Theologian and author Marcus Borg of Oregon
Did God create Adam and Eve in the Garden of Eden, as the Bible says, or did humanity evolve out of primordial ooze the way Darwin theorized?
Was the universe created in seven days, or was it formed in an instantaneous Big Bang?
How does a person of faith resolve differences between theological and scientific perspectives? Are science and religion really at odds, or is that just a perception?
A lecture series addressing these and other issues of faith and science is to begin Monday at Sylvania United Church of Christ. The church's "Scientists in Congregations" series is funded by a $28,000 grant from the John Templeton Foundation. The series is to conclude with nationally known theologian and author Marcus Borg, canon at Trinity Episcopal Cathedral in Portland, Ore., lecturing Sept. 28 to 30 on historical study of the Bible.
Sheila Banerji, a molecular biologist and Sylvania UCC director of youth ministry, said the series was inspired by a Templeton Foundation grants announcement last year. "It was a no-brainer" to apply, she said. "We have a lot of scientists in our congregation, including myself, and we also have a very active science and theology book study going."
The bulk of the Templeton funds will go toward honoraria and other expenses for the speakers, with other grant money slated for publication costs, advertising, and creation of a lecture-series workbook for youths.
She said young people from seventh to 11th grade are in a formative stage of life and Sylvania UCC wants to use the lecture series to help them find solid footing at the intersection of science and religion.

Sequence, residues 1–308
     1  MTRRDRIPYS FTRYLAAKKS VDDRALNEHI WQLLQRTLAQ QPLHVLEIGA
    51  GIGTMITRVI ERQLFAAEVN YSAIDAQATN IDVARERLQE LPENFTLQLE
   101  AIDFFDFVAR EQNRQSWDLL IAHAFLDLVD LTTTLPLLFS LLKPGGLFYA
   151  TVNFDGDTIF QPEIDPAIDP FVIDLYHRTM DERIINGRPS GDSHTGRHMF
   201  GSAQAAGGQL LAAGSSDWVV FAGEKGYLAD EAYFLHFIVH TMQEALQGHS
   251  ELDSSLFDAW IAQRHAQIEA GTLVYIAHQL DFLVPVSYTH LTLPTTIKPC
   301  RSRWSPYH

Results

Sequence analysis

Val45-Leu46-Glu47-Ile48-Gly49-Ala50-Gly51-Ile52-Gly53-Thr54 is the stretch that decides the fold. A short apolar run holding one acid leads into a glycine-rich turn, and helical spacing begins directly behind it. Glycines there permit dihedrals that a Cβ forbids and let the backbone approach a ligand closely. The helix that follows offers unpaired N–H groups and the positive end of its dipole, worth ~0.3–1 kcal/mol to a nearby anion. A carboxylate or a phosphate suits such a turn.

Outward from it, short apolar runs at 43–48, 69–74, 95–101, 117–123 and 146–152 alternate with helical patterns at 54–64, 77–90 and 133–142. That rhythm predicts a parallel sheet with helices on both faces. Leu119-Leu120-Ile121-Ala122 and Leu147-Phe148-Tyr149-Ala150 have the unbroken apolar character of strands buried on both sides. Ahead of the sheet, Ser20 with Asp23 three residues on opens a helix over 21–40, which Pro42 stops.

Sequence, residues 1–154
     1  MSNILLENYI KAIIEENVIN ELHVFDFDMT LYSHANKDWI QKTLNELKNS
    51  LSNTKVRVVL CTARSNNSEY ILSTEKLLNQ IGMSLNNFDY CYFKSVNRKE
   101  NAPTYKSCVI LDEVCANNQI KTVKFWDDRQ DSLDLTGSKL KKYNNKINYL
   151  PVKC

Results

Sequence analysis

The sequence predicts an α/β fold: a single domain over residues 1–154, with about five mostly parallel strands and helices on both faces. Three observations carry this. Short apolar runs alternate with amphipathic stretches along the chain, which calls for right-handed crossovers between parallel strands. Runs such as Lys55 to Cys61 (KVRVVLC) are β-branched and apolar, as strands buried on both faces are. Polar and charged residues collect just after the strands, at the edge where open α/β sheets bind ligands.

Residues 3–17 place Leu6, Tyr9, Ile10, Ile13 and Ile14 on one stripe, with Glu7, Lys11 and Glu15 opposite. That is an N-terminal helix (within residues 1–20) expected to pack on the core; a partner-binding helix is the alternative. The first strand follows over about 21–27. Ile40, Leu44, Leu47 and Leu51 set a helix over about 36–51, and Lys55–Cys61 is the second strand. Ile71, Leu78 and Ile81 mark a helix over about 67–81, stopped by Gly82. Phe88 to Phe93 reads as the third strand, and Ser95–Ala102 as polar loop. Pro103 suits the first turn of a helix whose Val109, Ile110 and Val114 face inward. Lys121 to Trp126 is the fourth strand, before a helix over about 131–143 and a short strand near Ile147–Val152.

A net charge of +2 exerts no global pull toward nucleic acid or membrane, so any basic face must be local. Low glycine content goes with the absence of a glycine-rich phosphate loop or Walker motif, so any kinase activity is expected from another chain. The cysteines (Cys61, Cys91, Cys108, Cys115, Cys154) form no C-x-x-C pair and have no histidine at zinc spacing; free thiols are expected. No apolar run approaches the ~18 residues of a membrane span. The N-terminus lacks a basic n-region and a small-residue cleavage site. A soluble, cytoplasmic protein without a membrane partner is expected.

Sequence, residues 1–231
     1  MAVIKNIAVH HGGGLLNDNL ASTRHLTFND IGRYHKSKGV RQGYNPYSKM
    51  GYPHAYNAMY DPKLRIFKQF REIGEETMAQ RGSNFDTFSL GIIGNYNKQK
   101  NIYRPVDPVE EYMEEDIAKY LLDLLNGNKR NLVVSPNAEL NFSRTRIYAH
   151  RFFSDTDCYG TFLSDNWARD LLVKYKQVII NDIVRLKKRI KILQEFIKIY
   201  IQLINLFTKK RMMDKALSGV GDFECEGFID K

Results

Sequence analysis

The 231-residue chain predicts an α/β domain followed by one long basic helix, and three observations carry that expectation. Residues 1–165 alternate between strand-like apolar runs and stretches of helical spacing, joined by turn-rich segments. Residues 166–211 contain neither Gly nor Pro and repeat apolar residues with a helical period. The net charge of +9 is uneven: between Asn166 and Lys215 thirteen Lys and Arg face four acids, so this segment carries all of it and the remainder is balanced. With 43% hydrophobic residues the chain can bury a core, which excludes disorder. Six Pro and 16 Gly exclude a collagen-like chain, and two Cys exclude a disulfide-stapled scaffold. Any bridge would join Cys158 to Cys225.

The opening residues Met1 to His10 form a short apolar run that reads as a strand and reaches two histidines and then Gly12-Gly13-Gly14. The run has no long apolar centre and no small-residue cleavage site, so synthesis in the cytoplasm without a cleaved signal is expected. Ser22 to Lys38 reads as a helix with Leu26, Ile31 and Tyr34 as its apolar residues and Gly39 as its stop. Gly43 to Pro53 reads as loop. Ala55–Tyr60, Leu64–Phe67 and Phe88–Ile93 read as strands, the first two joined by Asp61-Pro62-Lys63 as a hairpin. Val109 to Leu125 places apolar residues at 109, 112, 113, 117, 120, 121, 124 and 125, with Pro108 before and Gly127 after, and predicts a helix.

"They are coming into a new perspective on their life and their faith, and a lot of them want to reject the idea of God. They are learning so much in school and they don't see how it will fit together," she said.
The first lecture is to be given Monday by Louis Stulman, a University of Findlay professor of religious studies, on "Reading Scripture: The scholarly view, modern criticisms, and how the canon came to be."
Other lectures, all set for 7 p.m. at Sylvania UCC, 7240 Erie St., will be:
Feb. 20: Faith, scriptures, big bang, stellar evolution, and the geological record, with the Rev. Julian Davies, former chemistry professor at the University of Toledo and now pastor of University Church, and Al Campaan, a UT physics professor.
March 19: Faith, scriptures, and what Darwin and DNA tell us. Speaker to be announced.
April 16: What does it mean to be a human person? What the Bible says and what modern biology and medicine tell us. Speaker to be announced.
May 21: What does it mean to be a member of human society? The Rev. Jim Bacik, pastor of Toledo's Corpus Christi University Parish.
Mr. Davies, who was a distinguished professor of chemistry at UT and an atheist before becoming a Christian and an ordained United Methodist minister, said he sees four ways that people understand the intersection of science and religion.
"One is conflict, characterized by newspaper headlines that say science versus religion, where it sounds like a boxing match and there can only be one winner. One will be destroyed and the other will move on," he said. Another view is that science and religion can never be in conflict because they are independent of each other. "Science asks how and rleigion asks why," Mr. Davies said.
A third approach is a "dialogue" where science and religion try to learn from each other.
The fourth view is "integration," with science and religion forming an integral part of a person's world view without conflicting with each other. "That's the one I hope we can all get to one day," Mr. Davies said.
Admission to the first five lectures is free. Preceding each lecture will be a "drop-in dinner" starting at 6 p.m., with a free-will offering accepted. Information on tickets for Mr. Borg's lectures will be announced later. Information: 419-882-0048.
-- David Yonke
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